Notes on Post Tags Search

By default, this searches for any categories containing your search term: eg, Tudor will also find Tudors, Tudor History, etc. Check the 'exact' box to restrict searching to categories exactly matching your search. All searches are case-insensitive.

This is a search for tags/categories assigned to blog posts by their authors. The terminology used for post tags varies across different blog platforms, but WordPress tags and categories, Blogspot labels, and Tumblr tags are all included.

This search feature has a number of purposes:

1. to give site users improved access to the content EMC has been aggregating since August 2012, so they can look for bloggers posting on topics they're interested in, explore what's happening in the early modern blogosphere, and so on.

2. to facilitate and encourage the proactive use of post categories/tags by groups of bloggers with shared interests. All searches can be bookmarked for reference, making it possible to create useful resources of blogging about specific news, topics, conferences, etc, in a similar fashion to Twitter hashtags. Bloggers could agree on a shared tag for posts, or an event organiser could announce one in advance, as is often done with Twitter hashtags.

Caveats and Work in Progress

This does not search post content, and it will not find any informal keywords/hashtags within the body of posts.

If EMC doesn't find any <category> tags for a post in the RSS feed it is classified as uncategorized. These and any <category> 'uncategorized' from the feed are omitted from search results. (It should always be borne in mind that some bloggers never use any kind of category or tag at all.)

This will not be a 'real time' search, although EMC updates content every few hours so it's never very far behind events.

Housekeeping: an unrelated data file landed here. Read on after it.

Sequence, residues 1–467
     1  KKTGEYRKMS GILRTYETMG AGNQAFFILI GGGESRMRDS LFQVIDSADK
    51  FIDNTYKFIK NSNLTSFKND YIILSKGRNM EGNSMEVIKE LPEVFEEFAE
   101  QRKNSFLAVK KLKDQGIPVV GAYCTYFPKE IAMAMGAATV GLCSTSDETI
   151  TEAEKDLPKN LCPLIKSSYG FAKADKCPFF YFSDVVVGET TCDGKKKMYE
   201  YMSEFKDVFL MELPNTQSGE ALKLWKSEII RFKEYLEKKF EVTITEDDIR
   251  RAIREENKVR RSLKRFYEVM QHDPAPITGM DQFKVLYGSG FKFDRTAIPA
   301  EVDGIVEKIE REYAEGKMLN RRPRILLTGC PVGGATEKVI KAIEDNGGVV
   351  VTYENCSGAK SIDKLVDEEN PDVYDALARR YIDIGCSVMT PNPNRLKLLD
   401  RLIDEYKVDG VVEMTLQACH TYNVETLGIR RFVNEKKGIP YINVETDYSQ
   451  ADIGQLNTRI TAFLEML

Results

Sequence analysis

The search is at present quite basic and limited. I plan to add a number of more sophisticated features in the future including the ability to filter by blog tags and by dates. I may also introduce RSS feeds for search queries at some point.

Constructing Search Query URLs

If you'd like to use an event tag, it's possible to work out in advance what the URL will be, without needing to visit EMC and run the search manually (though you might be advised to check it works!). But you'll need to use URL encoding as appropriate for any spaces or punctuation in the tag (so it might be a good idea to avoid them).

This is the basic structure:

http://emc.historycarnival.org/searchcat?s={search term or phrase}

For example, the URL for a simple search for categories containing London:

http://emc.historycarnival.org/searchcat?s=london

The URL for a search for the exact category Gunpowder Plot:

http://emc.historycarnival.org/searchcat?s=Gunpowder%20Plot&exact=on

In this more complex URL, %20 is the URL encoding for a space between words and &exact=on adds the exact category requirement.

I'll do my best to ensure that the basic URL construction (searchcat?s=...) is stable and persistent as long as the site is around.